Interview with Courtney Hunt, director of Frozen River
Tenessee born director Courtney Hunt’s first independent film was nominated for the Oscar last year and has won dozens of prizes in world wide festivals, among which the prestigious Grand Jury Prize of the Sundace Film Festival.
Why did you to become a filmmaker?
I grew up going to art house double features with my mother, a child of the 70’s, who allowed me to see way too much, too soon. However, living in Memphis, Tennessee at that time, I guess it was the only way she felt I would get a sense of the world. Those early films like Paper Moon, The 400 Blows, and even To Kill a Mockingbird were pretty powerful to me as a child.
After college I went straight to law school, but by the second month I knew this was not what I wanted to do. I finished, however, and then I entered Columbia Univerisity's MFA program in Film.
Have you made other films before Frozen River?
During film school, I worked on the side for my husband reading and summarizing huge transcripts of murder trials. It helped pay the rent, but more than that I learned a valuable screenwriting lesson: point of view. That was the core of my training as a screenwriter. My thesis film was a 20-minute short, Althea Faught, about a woman surviving the Civil War siege of Vicksburg, Mississippi. It's a look at how women survive war. The short won prizes and sold to PBS.
What prompted the idea for this film and how did it evolve?
In film school, I often heard the complaint that "women's films" lacked adventure and this drove me crazy. I grew up with a single mom, who was working and struggling through school and, frankly, paying the rent was an adventure. I first came upon the idea for Frozen River when I learned about Canadian-border smuggling on a visit to my husband's family in Malone, New York. There are several Indian Reservations that straddle the border and this creates an odd jurisdictional situation. When I discovered that some of the Native women were doing the smuggling and that they did it by driving their cars across the frozen St. Lawrence River, I was fascinated. I met two women smugglers back when they were running cigarettes. However, when the cigarette tax in Canada was lowered, some smugglers switched to illegal immigrants, often Chinese and Pakistani people who wanted to come to the U.S. via Canada, which is easier to get into.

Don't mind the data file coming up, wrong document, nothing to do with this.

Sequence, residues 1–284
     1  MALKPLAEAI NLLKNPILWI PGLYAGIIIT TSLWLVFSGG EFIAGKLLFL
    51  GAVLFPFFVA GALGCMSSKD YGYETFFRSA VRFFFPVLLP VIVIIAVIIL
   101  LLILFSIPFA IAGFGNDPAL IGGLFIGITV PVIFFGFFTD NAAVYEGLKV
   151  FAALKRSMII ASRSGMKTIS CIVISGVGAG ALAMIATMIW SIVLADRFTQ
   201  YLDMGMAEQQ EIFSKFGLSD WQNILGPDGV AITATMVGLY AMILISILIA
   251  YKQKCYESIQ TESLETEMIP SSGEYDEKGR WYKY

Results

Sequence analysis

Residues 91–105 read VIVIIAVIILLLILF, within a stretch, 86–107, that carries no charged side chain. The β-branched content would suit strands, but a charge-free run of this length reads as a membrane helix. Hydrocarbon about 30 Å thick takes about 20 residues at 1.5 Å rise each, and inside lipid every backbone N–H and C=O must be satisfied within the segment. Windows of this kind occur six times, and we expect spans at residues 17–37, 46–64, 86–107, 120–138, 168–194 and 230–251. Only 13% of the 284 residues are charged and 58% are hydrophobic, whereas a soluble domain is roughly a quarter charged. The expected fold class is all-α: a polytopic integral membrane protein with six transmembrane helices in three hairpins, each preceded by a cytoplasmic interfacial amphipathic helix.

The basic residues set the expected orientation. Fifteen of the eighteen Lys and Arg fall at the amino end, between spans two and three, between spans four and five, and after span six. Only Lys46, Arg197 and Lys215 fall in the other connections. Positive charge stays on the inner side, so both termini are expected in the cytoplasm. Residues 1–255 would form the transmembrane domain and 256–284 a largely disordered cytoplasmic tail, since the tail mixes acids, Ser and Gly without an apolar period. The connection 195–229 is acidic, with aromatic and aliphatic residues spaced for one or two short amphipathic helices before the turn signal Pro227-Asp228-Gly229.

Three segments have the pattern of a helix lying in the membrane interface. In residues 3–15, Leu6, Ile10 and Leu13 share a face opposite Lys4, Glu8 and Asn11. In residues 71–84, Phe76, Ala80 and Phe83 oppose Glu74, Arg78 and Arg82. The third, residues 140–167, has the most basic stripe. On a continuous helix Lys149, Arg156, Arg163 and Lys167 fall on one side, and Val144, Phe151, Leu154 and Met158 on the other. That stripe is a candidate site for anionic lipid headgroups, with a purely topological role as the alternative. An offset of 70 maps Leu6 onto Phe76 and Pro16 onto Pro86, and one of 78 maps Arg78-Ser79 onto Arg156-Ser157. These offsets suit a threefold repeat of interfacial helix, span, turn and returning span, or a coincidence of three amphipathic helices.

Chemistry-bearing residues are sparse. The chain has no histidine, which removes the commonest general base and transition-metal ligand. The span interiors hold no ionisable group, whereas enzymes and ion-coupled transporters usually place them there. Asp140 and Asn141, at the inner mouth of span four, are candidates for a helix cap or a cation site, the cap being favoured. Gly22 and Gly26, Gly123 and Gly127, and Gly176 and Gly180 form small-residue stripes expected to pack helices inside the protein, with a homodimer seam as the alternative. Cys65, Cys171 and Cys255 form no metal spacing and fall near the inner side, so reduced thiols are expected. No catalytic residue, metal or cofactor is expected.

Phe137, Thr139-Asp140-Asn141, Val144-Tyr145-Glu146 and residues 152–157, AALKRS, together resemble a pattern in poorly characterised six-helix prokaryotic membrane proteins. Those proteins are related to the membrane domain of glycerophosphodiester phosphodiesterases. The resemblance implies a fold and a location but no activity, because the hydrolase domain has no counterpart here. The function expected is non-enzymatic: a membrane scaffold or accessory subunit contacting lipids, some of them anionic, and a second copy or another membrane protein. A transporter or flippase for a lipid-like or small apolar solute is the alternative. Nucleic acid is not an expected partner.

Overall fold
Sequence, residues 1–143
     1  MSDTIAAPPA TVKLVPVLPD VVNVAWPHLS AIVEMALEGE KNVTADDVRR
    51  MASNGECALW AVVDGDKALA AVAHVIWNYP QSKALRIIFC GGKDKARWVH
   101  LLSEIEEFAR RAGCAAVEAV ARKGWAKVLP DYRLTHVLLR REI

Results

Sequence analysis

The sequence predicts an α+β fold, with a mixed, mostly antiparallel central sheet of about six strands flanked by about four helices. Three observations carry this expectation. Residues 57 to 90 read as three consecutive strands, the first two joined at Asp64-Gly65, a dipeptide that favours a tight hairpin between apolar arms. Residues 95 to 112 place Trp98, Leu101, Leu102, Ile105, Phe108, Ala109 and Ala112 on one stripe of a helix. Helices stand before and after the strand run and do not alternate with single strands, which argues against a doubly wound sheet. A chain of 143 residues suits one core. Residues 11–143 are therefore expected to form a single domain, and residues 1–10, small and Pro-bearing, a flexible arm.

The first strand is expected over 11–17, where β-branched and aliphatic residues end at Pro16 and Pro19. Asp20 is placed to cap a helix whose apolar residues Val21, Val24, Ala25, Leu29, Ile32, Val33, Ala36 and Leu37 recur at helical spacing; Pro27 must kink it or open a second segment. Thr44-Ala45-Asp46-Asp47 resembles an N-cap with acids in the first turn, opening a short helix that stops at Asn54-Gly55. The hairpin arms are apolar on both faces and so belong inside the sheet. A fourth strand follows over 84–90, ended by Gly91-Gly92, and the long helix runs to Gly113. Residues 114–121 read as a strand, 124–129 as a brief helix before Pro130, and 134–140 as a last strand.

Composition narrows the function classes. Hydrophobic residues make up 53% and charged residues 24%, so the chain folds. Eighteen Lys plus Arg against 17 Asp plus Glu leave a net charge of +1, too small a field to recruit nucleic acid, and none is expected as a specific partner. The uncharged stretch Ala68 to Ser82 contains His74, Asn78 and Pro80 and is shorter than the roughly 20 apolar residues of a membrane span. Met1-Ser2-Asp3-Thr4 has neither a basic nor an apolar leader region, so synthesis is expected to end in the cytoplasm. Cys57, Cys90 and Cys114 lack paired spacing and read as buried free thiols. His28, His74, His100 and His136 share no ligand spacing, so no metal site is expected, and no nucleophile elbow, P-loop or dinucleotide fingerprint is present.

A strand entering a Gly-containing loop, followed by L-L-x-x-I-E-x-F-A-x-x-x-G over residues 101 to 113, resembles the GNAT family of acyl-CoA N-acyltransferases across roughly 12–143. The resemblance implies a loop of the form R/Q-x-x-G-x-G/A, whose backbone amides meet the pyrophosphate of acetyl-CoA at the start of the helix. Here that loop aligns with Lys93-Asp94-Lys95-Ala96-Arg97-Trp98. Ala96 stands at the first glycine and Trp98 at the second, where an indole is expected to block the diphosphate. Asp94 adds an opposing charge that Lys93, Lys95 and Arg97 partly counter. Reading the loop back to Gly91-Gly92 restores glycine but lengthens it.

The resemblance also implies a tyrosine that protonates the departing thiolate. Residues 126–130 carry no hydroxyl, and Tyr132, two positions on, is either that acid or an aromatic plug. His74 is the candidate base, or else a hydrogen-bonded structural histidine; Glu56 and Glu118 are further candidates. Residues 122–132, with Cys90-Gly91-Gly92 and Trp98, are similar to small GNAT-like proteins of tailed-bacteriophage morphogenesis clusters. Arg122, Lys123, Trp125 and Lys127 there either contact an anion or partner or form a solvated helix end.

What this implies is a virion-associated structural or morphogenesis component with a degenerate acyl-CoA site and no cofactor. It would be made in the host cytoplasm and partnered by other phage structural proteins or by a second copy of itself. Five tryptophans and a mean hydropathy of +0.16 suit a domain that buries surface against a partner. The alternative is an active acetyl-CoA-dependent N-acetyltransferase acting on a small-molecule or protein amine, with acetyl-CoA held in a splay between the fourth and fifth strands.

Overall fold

I wrote the script for a short film and sent it to actress Melissa Leo, who agreed to do it. The short Frozen River got in to the New York Film Festival and that gave me the inspiration to develop the feature script. Both Melissa and Misty Upham (who plays Lila) were so compelling in the short that I could not imagine the feature without them. And they stuck by me.
Please elaborate a bit on your approach to making the film
I like characters that are not immediately appealing and that live in the margins of society. I like living with them in the intimacy of a cinema long enough to at least understand them, maybe even grow to love them. I think of films like Central Station, Badlands, Alice Doesn't Live Here Anymore and Nights of Cabiria.
What were some of the biggest challenges you faced in developing the project?
Early on, the biggest challenge was breaking through the notion that smuggling only occurs on the Mexican border. Once in production, the biggest challenge was the weather. We shot in Plattsburgh, New York, last February, and a huge portion of the movie takes place outside, at night. The cast and crew were in a bit of shock the first few days, when it was below zero, but we all adjusted. I think the cast and crew felt good about what we were making and so they were very brave about the cold.
How do you define success as a filmmaker? What are your personal goals as a filmmaker going forward?
I think my job is to give the filmgoer a look at someone they might not otherwise notice. My goal is to make another film, and another. When I realized I was going to be a late bloomer as a director, I just kept on writing so I have a few things lined up.
Please tell us about any upcoming projects
My next film is about a girl in 1904. It’s a love story that takes place on New York’s City’s Lower East Side, in the world of immigrants who lived there at that time, block by block. It also deals with the racism and anti-Semitism of that period. I want to shoot it on the cheap. I want it to feel small scale and real, like Frozen River.